FACT FOCUS: Misinformation about the Israel-Hamas war is flooding social media. Here are the facts

By Isaac M October 14, 2023

In the days since Hamas militants stormed into Israel early Oct. 7, a flood of videos and photos purporting to show the conflict have filled social media, making it difficult for onlookers from around the world to sort fact from fiction.

While plenty of real imagery and accounts of the ensuing carnage have emerged, they have been intermingled with users pushing false claims and misrepresenting videos from other events.

Among the fabrications, users have shared false claims that a top Israeli commander had been kidnapped, circulated a doctored White House memo purporting to show President Joe Biden announcing billions in aid for Israel, and pushed old and unrelated videos of Russian President Vladimir Putin with inaccurate English captions.

Here is a closer look at the misinformation spreading online — and the facts. CLAIM: A video shows a BBC News report confirming Ukraine provided weapons to Hamas.

THE FACTS: The widely shared video clip is fabricated, officials with the BBC and Bellingcat, an investigative news website that is cited in the video as the source, confirm.

The clip, which includes the BBC’s distinctive block-text logo, purports to show a story from the outlet about a recent report from Bellingcat on Ukraine providing arms to Hamas.

“Bellingcat: Ukrainian military offensive failure and HAMAS attack linked,” reads the text over the video, which has more than 2,500 comments and 110,000 views on the messaging service Telegram. “The Palestinians purchased firearms, ammunition, drones and other weapons.”

But neither the BBC nor Bellingcat has reported any evidence to support the notion that Ukraine funneled arms to Hamas.

“We’ve reached no such conclusions or made any such claims,” Bellingcat wrote Tuesday in a post on X that included screengrabs of the fake report. “We’d like to stress that this is a fabrication and should be treated accordingly.”

Eliot Higgins, the Amsterdam-based organization’s founder, noted in a separate post on X that the claims have been amplified by Russian social media users.

Nassim Nicholas Taleb, a New York University professor briefly shown near the end of the video, also disputed the clip’s suggestion that he’s said the U.S. might leave NATO if the arms claims prove true.

“Entirely fake. Never said that,” the distinguished professor of risk engineering wrote in an email.

Spokespersons for the BBC didn’t respond to emails seeking comment, but Shayan Sardarizadeh, a reporter with the organization’s fact checking unit, confirmed in a post on X Tuesday that the video is not real.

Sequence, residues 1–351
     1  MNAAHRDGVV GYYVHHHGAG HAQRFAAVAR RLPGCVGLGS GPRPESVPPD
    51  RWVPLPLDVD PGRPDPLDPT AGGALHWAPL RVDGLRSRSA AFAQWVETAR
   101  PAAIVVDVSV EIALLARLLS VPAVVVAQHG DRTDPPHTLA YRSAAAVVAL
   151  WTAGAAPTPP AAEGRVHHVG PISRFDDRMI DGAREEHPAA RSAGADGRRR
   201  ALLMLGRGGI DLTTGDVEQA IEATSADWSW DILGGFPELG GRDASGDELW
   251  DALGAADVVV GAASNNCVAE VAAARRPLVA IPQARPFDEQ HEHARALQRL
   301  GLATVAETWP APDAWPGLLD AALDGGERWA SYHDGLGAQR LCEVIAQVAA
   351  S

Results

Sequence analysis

Ukrainian officials have similarly dismissed the notion that its country’s arms have somehow found their way to Hamas. The country’s military intelligence agency, in a Monday post on its official Facebook page, accused Russia of plotting a disinformation campaign around these claims.

Experts say there is also no evidence of Hamas making any claims about receiving arms from Ukraine, nor would it make sense for Kyiv to provide them.

“I see no reason Ukraine would do this,” said Michael O’Hanlon, director of foreign policy research at the Brookings Institution, a Washington think tank. “Starting with the fact that Kiev is in the business of obtaining weapons and not giving them away.”

— Associated Press writers Philip Marcelo in New York and Hanna Arhirova in Kyiv contributed this report.

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CLAIM: The Greek Orthodox Church of Saint Porphyrios was destroyed during Israel’s bombing of Gaza.

THE FACTS: Officials with the church confirmed Thursday the structure remains intact and unharmed during the shelling.

Posts circulating on social media falsely claimed that the holy Christian site, located in the al-Zaytun section of Gaza’s Old City, had become a casualty in the conflict.

“Israel just blew up the third oldest church in the word,” wrote an Instagram user. “Saint Porphyrius Orthodox Church in Gaza was 1,616 years old.”

But the house of worship remains standing, according to church officials who took to social media in recent days to debunk the false narrative.

In email replies Thursday, officials confirmed the church would host worship services Friday morning. They also referred the Associated Press to the regular updates that have been posted on the church Facebook page.

A post on the page in Arabic on Tuesday said the church remains “untouched and operating” to assist the congregation and broader community in Gaza, and that claims circulating online about it being damaged are false.

— Philip Marcelo.

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CLAIM: Video of a young actor being filmed lying in a pool of fake blood shows propaganda being created for use in the Israel-Hamas war.

THE FACTS: The video is behind-the-scenes footage from the making of “Empty Place,” a short film focused on the story of Ahmad Manasra, a Palestinian who was arrested at age 13 in 2015 in relation to the stabbing of two Israelis.